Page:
Adolescents identifying as sexual minority found to be 3 times more likely to attempt suicide than heterosexual peers

Group of teens at gay pride parade

Three researchers affiliated with the Harvard Pop Center* are among the authors of a study in Pediatrics that looked at changes in US adolescent reported sexual orientation and suicide attempts by sexual orientation from 2009–2017. Authors on the study include: Julia Raifman, Brittany M. Charlton, Renata Arrington-Sanders, Philip A. Chan, Jack Rusley, Kenneth H. Mayer*, Michael D. Stein, S. Bryn Austin* and Margaret McConnell*. Photo: Seven Seas of Rhye on…

Are sexual minorities at a greater risk of experiencing stress?

Head shot of Bryn Austin

Harvard Pop Center faculty member S. Bryn Austin, PhD, and Graduate Student Affiliate Brielle Bryan have authored a study that indicates that sexual minority women (lesbian and bisexual) physiologically experience more stress based on disparities in sympathetic nervous system biomarkers.

Self-perceived obesity/weight linked to increased cardiometabolic risks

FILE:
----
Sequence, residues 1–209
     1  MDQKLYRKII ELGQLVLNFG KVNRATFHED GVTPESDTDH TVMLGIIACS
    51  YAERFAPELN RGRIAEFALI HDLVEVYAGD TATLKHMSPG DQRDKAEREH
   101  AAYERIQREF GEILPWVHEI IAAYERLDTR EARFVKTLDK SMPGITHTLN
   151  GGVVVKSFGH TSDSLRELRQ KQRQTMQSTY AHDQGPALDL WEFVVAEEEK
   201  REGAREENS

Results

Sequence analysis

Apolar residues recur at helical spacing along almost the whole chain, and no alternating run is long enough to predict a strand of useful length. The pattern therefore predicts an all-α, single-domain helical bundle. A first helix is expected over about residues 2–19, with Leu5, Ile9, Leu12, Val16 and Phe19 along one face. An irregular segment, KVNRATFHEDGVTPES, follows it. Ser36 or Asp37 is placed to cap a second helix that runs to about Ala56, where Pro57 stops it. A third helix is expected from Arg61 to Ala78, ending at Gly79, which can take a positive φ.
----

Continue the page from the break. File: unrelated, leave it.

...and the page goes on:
A study by three faculty members—S. Bryn Austin, SV Subramanian, and Ichiro Kawachi—and their colleague found that Koreans who merely perceived themselves to be overweight or obese faced increased cardiometabolic risks, such as high blood pressure and elevated triglycerides.

State laws permitting denial of services to same-sex couples linked to significant increase in mental distress among sexual minority adults

S. Bryn Austin, ScD, is an author on a paper published in JAMA Psychiatry that has found that state laws permitting the denial of services to sexual minorities (currently, 12 states have such laws) was associated with a 46% increase in the proportion of sexual minority (defined as gay, lesbian, bisexual, or not sure of their sexual orientation) adults experiencing mental distress.

Does gender nonconformity impact quality of life for adolescents and young adults?

Three Harvard Pop Center faculty members—Nancy Krieger, Cassandra Okechukwu and S. Bryn Austin—are authors on a study published in the journal Quality of Life Research that finds that the health-related quality of life for youth who behave and appear in ways that are considered atypical for their gender is impacted in several different ways.